Homeland Security:

Communication Protocols and Risk Communication Principles Can Assist in Refining the Advisory System

GAO-04-682: Published: Jun 25, 2004. Publicly Released: Jul 13, 2004.

Additional Materials:

Contact:

William O. Jenkins, Jr
(202) 512-3000
contact@gao.gov

 

Office of Public Affairs
(202) 512-4800
youngc1@gao.gov

Established in March 2002, the Homeland Security Advisory System was designed to disseminate information on the risk of terrorist acts to federal agencies, states, localities, and the public. However, these entities have raised questions about the threat information they receive from the Department of Homeland Security (DHS) and the costs they incurred as a result of responding to heightened alerts. This report examines (1) the decision making process for changing the advisory system national threat level; (2) information sharing with federal agencies, states, and localities, including the applicability of risk communication principles; (3) protective measures federal agencies, states, and localities implemented during high (codeorange) alert periods; (4) costs federal agencies reported for those periods; and (5) state and local cost information collected by DHS.

DHS assigns threat levels for the entire nation and assesses threat conditions for geographic regions and industrial sectors based on analyses of threat information and vulnerability of potential terrorist targets. DHS has not yet officially documented its protocols for communicating threat level changes and related threat information to federal agencies and states. Such protocols could assist DHS to better manage these entities' expectations about the methods, timing, and content of information received from DHS. To ensure early, open, and comprehensive information dissemination and allow for informed decisionmaking, risk communication experts suggest that warnings should include (1) multiple communication methods, (2) timely notification, and (3) specific threat information and guidance on actions to take. Federal agencies and states responding to GAO's questionnaires sent to 28 federal agencies and 56 states and territories generally indicated that they did not receive specific threat information and guidance, which they believe hindered their ability to determine and implement protective measures. The majority of federal agencies reported operating at heightened security levels regardless of the threat level, and thus, did not need to implement a substantial number of additional measures to respond to code-orange alerts. States reported that they varied in their actions during code-orange alerts. The costs reported by federal agencies, states, and selected localities are imprecise and may be incomplete, but provide a general indication of costs that may have been incurred. Additional costs reported by federal agencies responding to GAO's questionnaire were generally less than 1 percent of the agencies' fiscal year 2003 homeland security funding. DHS collected information on costs incurred by states and localities for critical infrastructure protection during periods of code-orange alert. However, this information does not represent all additional costs incurred by these entities during the code-orange alert periods.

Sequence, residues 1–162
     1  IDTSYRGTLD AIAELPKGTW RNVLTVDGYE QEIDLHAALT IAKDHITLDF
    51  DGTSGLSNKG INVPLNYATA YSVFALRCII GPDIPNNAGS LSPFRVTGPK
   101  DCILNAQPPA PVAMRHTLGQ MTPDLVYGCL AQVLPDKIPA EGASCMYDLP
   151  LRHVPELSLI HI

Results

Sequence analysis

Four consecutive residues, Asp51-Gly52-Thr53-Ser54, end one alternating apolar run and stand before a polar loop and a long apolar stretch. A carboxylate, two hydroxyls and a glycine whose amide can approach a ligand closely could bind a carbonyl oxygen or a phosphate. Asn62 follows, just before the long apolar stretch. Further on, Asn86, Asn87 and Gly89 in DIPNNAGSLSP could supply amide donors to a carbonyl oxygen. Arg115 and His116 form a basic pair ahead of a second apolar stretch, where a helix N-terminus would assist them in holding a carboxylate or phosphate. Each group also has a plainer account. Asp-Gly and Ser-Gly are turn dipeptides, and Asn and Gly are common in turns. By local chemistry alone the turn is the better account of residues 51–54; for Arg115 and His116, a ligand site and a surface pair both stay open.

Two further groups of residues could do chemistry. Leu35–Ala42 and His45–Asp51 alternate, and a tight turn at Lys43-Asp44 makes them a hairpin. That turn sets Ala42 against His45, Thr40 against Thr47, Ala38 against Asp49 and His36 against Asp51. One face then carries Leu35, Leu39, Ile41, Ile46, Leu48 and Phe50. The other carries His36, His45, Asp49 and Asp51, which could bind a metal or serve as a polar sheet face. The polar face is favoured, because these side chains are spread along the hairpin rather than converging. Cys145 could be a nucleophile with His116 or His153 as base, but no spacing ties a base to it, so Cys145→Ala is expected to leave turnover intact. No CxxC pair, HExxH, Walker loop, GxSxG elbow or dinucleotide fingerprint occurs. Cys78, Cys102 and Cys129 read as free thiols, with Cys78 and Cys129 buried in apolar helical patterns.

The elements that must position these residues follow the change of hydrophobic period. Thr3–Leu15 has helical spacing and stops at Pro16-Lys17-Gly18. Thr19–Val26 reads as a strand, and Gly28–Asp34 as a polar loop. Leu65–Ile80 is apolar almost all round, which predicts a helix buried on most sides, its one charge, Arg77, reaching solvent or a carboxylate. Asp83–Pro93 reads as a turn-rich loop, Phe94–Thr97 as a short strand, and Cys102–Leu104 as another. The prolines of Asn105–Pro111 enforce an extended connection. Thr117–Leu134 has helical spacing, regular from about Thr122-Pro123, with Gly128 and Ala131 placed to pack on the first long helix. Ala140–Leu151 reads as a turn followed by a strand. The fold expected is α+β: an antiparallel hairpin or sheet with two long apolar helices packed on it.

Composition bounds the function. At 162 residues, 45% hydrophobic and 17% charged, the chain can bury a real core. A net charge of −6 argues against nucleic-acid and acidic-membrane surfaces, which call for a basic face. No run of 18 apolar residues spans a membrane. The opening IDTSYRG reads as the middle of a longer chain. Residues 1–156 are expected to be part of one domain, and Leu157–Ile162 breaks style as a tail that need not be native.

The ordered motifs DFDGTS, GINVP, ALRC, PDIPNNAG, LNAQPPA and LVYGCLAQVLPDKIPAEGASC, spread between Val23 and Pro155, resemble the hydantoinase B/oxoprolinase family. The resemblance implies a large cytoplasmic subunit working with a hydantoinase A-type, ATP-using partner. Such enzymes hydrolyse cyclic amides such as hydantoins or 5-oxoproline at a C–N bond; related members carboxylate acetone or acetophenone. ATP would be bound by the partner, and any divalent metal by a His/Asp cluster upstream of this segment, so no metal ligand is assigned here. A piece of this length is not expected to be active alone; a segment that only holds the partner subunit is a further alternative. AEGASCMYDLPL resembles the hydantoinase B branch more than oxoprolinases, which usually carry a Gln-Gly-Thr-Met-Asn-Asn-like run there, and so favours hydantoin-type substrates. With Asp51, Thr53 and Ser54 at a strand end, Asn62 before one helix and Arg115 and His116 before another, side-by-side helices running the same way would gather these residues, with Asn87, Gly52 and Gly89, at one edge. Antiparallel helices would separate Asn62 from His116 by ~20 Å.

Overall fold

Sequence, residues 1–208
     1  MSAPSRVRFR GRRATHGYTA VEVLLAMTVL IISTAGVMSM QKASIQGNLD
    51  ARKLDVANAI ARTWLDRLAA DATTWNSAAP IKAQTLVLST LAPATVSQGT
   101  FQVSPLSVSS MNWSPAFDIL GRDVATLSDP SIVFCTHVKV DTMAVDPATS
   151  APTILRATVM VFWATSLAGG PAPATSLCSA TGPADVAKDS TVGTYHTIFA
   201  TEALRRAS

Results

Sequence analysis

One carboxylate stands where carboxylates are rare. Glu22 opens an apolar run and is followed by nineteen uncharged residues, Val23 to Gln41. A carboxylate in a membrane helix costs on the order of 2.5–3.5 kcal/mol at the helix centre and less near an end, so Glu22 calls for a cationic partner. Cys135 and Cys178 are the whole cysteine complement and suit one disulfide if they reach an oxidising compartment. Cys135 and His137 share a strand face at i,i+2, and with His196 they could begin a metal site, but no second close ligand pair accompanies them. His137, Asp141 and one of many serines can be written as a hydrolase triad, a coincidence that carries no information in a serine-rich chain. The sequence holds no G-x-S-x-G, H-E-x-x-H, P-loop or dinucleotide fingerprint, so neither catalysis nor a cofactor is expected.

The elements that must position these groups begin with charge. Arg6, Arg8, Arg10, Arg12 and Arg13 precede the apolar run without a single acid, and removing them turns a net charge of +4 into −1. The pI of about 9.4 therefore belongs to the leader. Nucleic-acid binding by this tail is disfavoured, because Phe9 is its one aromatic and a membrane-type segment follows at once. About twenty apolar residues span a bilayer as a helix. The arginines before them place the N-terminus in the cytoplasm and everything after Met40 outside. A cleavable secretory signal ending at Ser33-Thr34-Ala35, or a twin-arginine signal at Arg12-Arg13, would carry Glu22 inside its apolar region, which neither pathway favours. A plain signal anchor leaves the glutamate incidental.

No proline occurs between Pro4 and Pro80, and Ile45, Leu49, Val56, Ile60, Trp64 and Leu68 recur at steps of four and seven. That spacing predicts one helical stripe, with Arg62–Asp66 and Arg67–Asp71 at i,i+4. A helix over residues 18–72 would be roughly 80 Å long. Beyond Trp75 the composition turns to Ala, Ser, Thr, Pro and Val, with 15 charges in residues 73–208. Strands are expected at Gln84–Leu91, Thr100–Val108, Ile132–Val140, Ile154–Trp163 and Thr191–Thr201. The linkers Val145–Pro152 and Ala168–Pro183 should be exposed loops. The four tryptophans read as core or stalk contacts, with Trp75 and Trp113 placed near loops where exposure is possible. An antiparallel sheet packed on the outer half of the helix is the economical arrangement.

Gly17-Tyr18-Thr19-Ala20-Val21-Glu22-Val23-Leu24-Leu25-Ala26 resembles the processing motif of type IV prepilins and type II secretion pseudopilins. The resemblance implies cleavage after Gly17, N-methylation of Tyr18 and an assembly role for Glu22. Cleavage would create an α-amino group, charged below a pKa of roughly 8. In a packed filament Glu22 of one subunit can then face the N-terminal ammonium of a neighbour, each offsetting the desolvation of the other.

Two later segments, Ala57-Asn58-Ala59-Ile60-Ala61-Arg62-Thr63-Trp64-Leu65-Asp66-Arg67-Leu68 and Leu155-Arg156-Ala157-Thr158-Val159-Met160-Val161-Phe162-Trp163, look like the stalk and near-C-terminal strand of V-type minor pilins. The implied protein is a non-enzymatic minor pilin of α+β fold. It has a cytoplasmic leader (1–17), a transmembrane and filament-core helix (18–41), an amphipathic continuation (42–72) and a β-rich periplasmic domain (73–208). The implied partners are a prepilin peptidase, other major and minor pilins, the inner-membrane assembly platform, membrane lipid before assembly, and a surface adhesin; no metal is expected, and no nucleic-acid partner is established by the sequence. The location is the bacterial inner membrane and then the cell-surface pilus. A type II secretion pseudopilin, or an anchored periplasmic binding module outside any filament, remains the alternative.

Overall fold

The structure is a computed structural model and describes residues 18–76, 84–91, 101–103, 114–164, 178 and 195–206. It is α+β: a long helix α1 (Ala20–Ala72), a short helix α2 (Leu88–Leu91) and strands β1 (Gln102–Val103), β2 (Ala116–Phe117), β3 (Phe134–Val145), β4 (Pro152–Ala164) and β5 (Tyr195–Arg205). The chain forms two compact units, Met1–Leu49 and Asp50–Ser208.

Status Legend:

More Info
  • Review Pending-GAO has not yet assessed implementation status.
  • Open-Actions to satisfy the intent of the recommendation have not been taken or are being planned, or actions that partially satisfy the intent of the recommendation have been taken.
  • Closed-implemented-Actions that satisfy the intent of the recommendation have been taken.
  • Closed-not implemented-While the intent of the recommendation has not been satisfied, time or circumstances have rendered the recommendation invalid.
    • Review Pending
    • Open
    • Closed - implemented
    • Closed - not implemented

    Recommendations for Executive Action

    Recommendation: The Secretary of Homeland Security should direct the Under Secretary for Information Analysis and Infrastructure Protection to document communication protocols for notifying federal agencies and states of changes in the national threat level and for providing guidance and threat information to these entities, including methods and time periods for sharing information, to better manage these entities' expectations regarding the methods, timing, and content of information shared.

    Agency Affected: Department of Homeland Security: Directorate of Information Analysis and Infrastructure Protection

    Status: Closed - Implemented